Spencer Platt / Getty Images, file
Pedestrians pass an adult store in Times Square in New York City. The state's supreme court on Thursday deemed that a set of amendments in 2001 meant to tighten the city's regulation of strip clubs, topless bars and adult video and book stores violated the constitutional protections of free speech and were unnecessary.
NEW YORK -- A New York City zoning law designed to keep adult entertainment businesses away from schools, churches and residential neighborhoods was deemed unconstitutional by a New York state judge on Thursday.
Justice Louis York of the New York State Supreme Court in Manhattan said a set of amendments in 2001 meant to tighten the city's regulation of strip clubs, topless bars and adult video and book stores violated the constitutional protections of free speech and were unnecessary.
York said adult establishments today differ from their predecessors by having less garish signage and by segregating their erotica from more mainstream parts of their business, making them less conspicuous to the public.
"These entities no longer operate in an atmosphere placing more dominance of sexual matters over non-sexual ones," York said, ruling on two lawsuits lodged by a group of adult businesses against the city.
Thursday's ruling will have the biggest effect on the dozens of bars, restaurants, book and video stores that offer adult entertainment alongside non-X-rated services.
According to The New York Times, the original 1995 city law defined an "adult establishment" as any business where more than 40 percent of its material was sexually oriented in nature.
The 1995 law helped break up clusters of sexually themed businesses and scatter them to New York City's industrial areas, the Times said. As a result, many city neighborhoods were remade and gentrified, according to the paper.
But by the end of the decade, city authorities believed that many of these outlets, often referred to as "60-40 establishments," merely kept a few shelves of non-X-rated material on their premises in order to mask the true nature of their business, according to the Times.
The 2001 amendments defined many such establishments as "adult enterprises" and barred them from operating closer than 500 feet from other sexually oriented venues, or from schools, places of worship and homes.
Current city guidelines allow venues where less than 40 percent of space or inventory is devoted to sexually explicit activities to operate anywhere in the city.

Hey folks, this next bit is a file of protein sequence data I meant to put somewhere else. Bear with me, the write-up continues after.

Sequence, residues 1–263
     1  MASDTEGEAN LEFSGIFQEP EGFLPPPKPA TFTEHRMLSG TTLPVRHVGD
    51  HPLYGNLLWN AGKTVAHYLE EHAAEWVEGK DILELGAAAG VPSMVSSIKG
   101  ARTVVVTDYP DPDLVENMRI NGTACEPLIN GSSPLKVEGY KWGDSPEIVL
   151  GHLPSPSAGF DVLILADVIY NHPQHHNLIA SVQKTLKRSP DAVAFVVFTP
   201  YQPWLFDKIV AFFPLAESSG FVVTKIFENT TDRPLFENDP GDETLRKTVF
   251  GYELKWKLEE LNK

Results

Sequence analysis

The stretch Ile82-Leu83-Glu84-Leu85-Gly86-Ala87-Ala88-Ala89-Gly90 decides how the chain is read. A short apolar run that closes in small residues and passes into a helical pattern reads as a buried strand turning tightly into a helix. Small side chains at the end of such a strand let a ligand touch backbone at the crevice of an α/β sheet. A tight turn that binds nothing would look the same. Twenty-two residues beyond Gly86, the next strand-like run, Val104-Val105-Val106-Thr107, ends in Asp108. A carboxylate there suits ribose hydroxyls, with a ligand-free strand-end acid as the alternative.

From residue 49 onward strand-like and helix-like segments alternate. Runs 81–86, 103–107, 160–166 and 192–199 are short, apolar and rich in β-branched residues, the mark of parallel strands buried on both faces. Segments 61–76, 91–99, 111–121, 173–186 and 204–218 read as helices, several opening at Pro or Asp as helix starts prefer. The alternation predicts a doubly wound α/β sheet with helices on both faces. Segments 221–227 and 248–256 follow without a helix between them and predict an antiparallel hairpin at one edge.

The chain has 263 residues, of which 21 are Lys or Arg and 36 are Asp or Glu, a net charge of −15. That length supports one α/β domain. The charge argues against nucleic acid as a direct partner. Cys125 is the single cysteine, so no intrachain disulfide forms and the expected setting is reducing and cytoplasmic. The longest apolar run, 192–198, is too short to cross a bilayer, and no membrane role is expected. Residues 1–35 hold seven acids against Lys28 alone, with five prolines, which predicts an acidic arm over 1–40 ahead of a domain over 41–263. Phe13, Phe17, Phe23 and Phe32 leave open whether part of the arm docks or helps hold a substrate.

Studies don't link crime rates and strip clubs, judge says
York noted that studies presented to the court concluded that the presence of adult establishments did not increase crime rates or lower property value, as previously believed.
"Accordingly there is no need for the 2001 amendments ... they are a violation of free-speech provisions of the U.S. and state constitutions," he said.
Martin P. Mehler, a lawyer for several topless clubs in the case, told the Times that the city's defense of the 2001 amendments failed because the original rule had worked.
"We have adhered to what the law was," Mehler told the Times.
"It has accomplished its goal of doing away with that tawdry atmosphere that used to exist in Times Square, and there was no need to take away a basic First Amendment right," the newspaper quoted him as saying.
The ruling was a loss for city officials who have sought to crack down on what they call "sham compliance" by venues that employ methods such as piling stacks of children's videos on the floor in order to ostensibly devote 60 percent of their inventory to non-adult material.
Robin Binder, deputy chief of the administrative law division of the City Law Department, said her agency would appeal the decision.
"The city's ability to regulate adult establishments is critical to preserving neighborhood quality of life," Binder said in a statement.
'That's just un-American'
Others called the ruling a triumph for freedom.
"It's wrong for a city or a state to say, 'We're banning this type of literature, and we're not going to allow you to read or see it,' " Herald Price Fahringer, an attorney for video stores represented in the lawsuits, told the Times.
"That's just un-American," the newspaper quoted him as saying.
Reuters contributed to this report.
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